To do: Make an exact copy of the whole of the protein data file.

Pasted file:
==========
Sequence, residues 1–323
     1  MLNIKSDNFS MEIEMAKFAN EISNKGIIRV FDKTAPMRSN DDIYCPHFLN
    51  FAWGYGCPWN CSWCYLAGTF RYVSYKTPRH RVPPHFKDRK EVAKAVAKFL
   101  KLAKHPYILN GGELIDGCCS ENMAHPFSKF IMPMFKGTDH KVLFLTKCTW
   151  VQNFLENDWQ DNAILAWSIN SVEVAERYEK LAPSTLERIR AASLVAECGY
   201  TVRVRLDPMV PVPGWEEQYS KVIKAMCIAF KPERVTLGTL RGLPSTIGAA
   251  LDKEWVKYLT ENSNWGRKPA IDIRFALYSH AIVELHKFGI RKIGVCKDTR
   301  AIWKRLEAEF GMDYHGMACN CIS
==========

Sequence, residues 1–323
     1  MLNIKSDNFS MEIEMAKFAN EISNKGIIRV FDKTAPMRSN DDIYCPHFLN
    51  FAWGYGCPWN CSWCYLAGTF RYVSYKTPRH RVPPHFKDRK EVAKAVAKFL
   101  KLAKHPYILN GGELIDGCCS ENMAHPFSKF IMPMFKGTDH KVLFLTKCTW
   151  VQNFLENDWQ DNAILAWSIN SVEVAERYEK LAPSTLERIR AASLVAECGY
   201  TVRVRLDPMV PVPGWEEQYS KVIKAMCIAF KPERVTLGTL RGLPSTIGAA
   251  LDKEWVKYLT ENSNWGRKPA IDIRFALYSH AIVELHKFGI RKIGVCKDTR
   301  AIWKRLEAEF GMDYHGMACN CIS